According to a BBC-commissioned poll, people dealing with rising living costs are cutting less on meals and vehicle trips to save money.
More than half of the 4,011 respondents polled (56%) said they had bought less goods and skipped meals.
The findings show the far-reaching consequences of prices growing at their quickest rate in 40 years.
Many people have reduced their expenditures on clothing and social activities. Some people claim that their mental health has been harmed.
Two-thirds of those polled also believe that government assistance has been insufficient thus far.
The BBC-commissioned poll of 4,011 UK adults conducted in early June sheds light on how the current economic situation is impacting people’s financial, physical, and emotional well-being.
Domestic electricity, gasoline, and food prices have all risen dramatically in recent months, according to the data, and more than eight out of ten consumers (81%) are concerned about growing living costs.
Concern has risen since the beginning of the year, when 69 percent of those polled expressed concern in a comparable BBC poll.
Two-thirds (66%) of those with fears indicated it was affecting their mental health, according to the latest findings. Nearly half of those surveyed (45%) claimed their physical health had been harmed.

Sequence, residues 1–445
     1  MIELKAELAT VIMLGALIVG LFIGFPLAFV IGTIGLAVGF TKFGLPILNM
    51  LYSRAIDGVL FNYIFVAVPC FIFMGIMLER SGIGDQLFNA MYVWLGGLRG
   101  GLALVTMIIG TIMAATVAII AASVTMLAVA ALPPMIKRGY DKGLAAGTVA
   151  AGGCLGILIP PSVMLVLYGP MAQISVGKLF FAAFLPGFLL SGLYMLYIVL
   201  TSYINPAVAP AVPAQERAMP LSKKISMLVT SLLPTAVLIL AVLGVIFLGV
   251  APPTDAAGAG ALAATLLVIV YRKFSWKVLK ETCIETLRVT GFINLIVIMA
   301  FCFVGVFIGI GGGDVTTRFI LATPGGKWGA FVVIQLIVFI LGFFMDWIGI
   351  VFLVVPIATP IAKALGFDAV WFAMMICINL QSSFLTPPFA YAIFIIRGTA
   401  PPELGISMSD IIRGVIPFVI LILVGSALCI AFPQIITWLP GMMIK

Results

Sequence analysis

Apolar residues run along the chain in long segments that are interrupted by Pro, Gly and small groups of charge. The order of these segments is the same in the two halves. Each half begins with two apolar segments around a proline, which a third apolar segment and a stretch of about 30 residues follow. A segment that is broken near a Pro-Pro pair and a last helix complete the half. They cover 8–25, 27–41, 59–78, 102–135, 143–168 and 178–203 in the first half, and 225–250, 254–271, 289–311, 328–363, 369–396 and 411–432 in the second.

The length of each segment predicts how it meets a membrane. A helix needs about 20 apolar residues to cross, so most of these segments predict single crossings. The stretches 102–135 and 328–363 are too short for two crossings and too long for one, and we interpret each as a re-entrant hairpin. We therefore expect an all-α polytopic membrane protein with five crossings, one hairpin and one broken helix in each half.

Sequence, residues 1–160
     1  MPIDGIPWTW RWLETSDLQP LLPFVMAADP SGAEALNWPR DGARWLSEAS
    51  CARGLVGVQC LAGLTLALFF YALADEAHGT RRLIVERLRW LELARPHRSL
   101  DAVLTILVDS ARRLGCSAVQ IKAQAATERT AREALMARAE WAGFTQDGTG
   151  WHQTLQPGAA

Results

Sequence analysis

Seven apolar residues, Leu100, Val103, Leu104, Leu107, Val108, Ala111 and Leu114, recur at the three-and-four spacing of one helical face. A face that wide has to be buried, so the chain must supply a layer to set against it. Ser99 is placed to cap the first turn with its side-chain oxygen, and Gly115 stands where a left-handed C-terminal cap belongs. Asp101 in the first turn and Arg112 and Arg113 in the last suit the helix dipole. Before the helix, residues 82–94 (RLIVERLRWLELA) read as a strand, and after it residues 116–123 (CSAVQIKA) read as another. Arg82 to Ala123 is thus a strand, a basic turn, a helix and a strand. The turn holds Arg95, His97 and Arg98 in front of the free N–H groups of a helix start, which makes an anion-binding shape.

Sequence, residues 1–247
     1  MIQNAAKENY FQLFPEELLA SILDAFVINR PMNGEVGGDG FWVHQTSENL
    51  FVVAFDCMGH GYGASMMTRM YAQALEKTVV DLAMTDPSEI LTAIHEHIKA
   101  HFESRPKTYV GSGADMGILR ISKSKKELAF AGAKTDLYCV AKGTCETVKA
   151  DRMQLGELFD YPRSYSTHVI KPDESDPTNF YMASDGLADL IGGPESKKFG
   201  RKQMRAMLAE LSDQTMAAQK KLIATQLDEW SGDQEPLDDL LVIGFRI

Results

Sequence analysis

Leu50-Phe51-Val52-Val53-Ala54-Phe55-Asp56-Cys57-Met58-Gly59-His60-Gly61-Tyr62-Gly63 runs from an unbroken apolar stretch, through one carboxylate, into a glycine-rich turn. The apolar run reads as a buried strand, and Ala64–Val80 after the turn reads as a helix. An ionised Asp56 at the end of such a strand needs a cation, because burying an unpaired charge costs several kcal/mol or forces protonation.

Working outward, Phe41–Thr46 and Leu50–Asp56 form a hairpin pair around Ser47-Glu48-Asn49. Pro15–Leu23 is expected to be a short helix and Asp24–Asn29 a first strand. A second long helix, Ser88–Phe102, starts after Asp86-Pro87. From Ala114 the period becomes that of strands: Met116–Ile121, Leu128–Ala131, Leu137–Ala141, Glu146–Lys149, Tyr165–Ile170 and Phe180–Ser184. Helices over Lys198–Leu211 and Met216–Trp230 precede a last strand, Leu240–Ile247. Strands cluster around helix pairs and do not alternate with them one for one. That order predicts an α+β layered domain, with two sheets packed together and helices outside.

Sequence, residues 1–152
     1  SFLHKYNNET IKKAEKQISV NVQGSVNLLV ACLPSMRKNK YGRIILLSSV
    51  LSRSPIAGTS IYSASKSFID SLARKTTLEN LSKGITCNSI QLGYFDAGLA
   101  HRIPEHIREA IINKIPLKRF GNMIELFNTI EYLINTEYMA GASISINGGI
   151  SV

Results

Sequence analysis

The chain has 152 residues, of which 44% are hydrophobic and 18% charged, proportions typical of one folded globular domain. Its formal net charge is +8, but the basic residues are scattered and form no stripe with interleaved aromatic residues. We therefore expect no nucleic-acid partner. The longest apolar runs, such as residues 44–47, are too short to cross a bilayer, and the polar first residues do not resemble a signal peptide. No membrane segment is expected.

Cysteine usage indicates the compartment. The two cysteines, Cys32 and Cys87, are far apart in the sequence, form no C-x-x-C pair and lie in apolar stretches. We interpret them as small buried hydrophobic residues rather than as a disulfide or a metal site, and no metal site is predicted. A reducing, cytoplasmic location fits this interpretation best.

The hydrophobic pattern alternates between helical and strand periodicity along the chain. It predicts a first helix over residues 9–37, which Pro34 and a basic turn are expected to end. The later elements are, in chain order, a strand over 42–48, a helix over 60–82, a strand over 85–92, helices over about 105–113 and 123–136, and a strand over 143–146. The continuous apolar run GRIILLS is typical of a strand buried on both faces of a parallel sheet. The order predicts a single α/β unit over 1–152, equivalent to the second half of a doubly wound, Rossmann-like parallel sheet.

Due to rising prices, the government has announced a package of financial assistance aimed particularly at low-income people. This includes a £400 energy bill discount in October, as well as £650 in payments to persons on means-tested assistance. Pensioners and disabled billpayers will receive extra this winter.
However, according to the BBC poll, 64% of those polled believe that this support is insufficient to help them cope with growing living costs.
On top of what had previously been supplied, Chief Secretary to the Treasury Simon Clarke said disadvantaged households will get £1,200 as part of a “very considerable” amount of help.
He said the first payments would be sent in July and would continue through the fall to counteract the main cause of growing family costs, which he claimed was energy bills.
“Of course, it has yet to trickle through to people,” he told the BBC, “which is why I suppose people are saying they want more help.”
“As the process progresses, it will become evident that this will be a full package.”
The financial authority has previously issued a warning to lenders, stating that they must do more to assist people in financial distress and support vulnerable consumers as a result of growing household prices.
“Those who are in debt should take action as soon as possible,” said Sheldon Mills of the Financial Conduct Authority.